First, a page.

The U.S. has formally removed Cuba from its list of "state sponsors of terror," the State Department announced on Friday, signaling one more step forward in a renewal of diplomatic relations between the two countries after more than 50 years.
Some economic sanctions against the Caribbean nation will remain in place.
President Barack Obama announced his intention to remove Cuba from the list in April, giving Congress 45 days to consider the new policy.
Cuba's placement on the list, which began in 1982 over its support of leftist movements in South and Central America, has complicated the country's access to financial markets for decades and been a roadblock in the building of foreign embassies there.
Keith Bolender, freelance journalist and author of Voices From the Other Side: An Oral History of Terrorism Against Cuba, noted in April that Cuba's inclusion on the list "has long been opposed by the Castro government for its hypocrisy based on the long history of terrorism the United States has supported against Cuba."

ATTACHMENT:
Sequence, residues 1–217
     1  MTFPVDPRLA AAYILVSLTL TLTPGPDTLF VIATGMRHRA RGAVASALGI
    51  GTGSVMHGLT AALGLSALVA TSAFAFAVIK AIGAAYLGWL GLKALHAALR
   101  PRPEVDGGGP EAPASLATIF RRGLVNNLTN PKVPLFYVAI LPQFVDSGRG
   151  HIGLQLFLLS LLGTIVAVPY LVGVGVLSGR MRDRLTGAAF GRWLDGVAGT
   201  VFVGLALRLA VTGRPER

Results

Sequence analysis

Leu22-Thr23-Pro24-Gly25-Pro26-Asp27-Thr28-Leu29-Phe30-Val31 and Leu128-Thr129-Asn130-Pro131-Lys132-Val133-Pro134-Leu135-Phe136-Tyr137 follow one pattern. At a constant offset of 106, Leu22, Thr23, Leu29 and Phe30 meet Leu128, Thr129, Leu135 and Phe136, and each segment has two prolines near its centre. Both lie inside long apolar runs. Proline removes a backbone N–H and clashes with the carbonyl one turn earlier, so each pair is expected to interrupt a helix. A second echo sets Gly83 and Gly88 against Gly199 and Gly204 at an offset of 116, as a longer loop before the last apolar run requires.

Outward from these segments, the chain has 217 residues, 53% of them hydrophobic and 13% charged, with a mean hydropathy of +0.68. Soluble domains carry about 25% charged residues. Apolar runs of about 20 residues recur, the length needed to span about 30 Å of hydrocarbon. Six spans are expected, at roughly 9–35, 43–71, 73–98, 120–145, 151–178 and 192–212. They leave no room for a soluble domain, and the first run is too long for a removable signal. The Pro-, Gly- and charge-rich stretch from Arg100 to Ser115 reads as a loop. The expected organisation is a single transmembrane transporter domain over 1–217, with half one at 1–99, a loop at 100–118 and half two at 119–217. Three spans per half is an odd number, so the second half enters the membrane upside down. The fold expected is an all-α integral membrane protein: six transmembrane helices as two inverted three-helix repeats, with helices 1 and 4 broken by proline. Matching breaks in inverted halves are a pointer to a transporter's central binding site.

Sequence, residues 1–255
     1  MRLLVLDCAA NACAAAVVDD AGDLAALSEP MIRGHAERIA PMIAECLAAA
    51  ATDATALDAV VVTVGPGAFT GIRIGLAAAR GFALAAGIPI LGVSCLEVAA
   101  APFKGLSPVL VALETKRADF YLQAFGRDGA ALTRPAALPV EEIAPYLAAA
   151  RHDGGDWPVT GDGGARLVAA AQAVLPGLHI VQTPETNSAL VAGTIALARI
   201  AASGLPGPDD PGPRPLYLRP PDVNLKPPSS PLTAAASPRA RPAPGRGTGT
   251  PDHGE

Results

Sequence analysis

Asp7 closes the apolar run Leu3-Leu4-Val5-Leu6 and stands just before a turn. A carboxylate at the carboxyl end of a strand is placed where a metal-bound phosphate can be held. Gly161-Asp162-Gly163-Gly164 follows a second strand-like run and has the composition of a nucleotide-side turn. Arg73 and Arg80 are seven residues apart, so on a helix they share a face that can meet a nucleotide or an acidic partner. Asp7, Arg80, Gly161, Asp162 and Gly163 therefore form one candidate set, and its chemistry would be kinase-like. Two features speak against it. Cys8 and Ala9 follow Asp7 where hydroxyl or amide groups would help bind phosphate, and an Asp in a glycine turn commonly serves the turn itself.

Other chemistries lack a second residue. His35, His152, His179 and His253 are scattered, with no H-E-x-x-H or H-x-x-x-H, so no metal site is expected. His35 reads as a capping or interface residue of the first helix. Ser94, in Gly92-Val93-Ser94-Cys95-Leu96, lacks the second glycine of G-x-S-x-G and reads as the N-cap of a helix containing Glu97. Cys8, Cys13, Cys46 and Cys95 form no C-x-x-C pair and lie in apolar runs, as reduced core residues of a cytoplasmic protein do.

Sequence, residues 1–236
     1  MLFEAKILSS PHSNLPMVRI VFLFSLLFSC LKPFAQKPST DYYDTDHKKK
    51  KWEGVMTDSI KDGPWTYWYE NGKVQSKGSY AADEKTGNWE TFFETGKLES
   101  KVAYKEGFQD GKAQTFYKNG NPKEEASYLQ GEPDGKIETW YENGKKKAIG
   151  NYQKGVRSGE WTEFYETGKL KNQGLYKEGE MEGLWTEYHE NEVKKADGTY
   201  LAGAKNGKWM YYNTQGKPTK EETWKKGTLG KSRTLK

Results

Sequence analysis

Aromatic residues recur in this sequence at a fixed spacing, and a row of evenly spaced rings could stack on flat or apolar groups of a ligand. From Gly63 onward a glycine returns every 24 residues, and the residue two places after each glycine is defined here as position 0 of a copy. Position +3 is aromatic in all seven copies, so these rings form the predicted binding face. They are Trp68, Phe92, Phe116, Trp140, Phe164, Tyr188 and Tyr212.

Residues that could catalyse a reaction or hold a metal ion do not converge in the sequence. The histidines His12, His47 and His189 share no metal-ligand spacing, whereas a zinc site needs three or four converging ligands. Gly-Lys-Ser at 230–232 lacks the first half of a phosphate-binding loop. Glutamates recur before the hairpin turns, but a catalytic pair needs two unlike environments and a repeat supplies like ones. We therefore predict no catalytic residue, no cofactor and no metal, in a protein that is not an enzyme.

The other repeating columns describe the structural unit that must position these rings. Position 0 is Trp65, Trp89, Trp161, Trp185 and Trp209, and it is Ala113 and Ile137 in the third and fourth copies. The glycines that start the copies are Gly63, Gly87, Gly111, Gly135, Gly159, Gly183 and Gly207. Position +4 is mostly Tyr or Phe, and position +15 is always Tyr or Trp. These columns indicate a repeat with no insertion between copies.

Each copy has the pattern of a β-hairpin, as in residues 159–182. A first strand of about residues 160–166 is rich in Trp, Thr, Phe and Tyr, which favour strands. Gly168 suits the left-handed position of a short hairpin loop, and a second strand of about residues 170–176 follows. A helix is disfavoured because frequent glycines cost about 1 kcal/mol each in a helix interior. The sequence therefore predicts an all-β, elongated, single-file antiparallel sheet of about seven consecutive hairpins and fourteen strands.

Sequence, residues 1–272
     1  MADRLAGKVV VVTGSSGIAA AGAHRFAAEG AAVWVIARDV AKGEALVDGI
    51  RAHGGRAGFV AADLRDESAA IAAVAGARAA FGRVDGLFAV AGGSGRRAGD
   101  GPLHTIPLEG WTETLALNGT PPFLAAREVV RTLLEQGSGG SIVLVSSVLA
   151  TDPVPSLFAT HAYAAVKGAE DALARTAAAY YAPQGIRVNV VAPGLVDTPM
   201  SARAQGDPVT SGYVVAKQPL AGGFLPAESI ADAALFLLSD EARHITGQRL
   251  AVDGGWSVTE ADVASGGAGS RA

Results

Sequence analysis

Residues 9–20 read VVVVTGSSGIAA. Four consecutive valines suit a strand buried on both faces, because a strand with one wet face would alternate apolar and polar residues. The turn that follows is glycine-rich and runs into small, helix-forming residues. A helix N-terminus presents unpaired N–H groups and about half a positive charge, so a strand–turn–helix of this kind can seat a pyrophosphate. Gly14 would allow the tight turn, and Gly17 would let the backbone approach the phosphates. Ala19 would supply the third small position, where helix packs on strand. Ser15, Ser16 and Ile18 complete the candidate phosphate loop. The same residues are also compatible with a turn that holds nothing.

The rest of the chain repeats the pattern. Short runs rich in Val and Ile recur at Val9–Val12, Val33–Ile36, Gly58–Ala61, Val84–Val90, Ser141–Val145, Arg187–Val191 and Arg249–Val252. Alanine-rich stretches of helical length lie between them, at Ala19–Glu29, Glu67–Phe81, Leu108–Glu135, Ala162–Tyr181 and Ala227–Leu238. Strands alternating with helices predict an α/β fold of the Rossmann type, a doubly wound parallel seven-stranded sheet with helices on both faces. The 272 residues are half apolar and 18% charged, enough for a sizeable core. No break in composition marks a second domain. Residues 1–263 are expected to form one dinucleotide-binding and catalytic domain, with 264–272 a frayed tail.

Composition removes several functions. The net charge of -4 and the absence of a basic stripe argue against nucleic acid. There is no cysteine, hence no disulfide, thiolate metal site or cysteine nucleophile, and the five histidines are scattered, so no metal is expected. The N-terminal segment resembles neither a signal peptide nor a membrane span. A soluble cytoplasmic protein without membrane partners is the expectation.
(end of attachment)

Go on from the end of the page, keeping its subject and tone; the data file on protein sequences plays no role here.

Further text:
"Cuba's removal from the list will hopefully warm efforts to normalize relations between the two nations," CODEPINK co-founder Medea Benjamin told Common Dreams on Friday. However, while the decision is "a step in the right direction... we still have a long road ahead," she added.
"As Cuba's removal from the list opens the pathway to opening embassies, we must now turn to Congress and demand that they further the president's actions by ending the American travel ban to Cuba and the entire economic embargo," Benjamin said.
The only countries which remain on the list now are Iran, Sudan, and Syria.
This story was originally published on Common Dreams.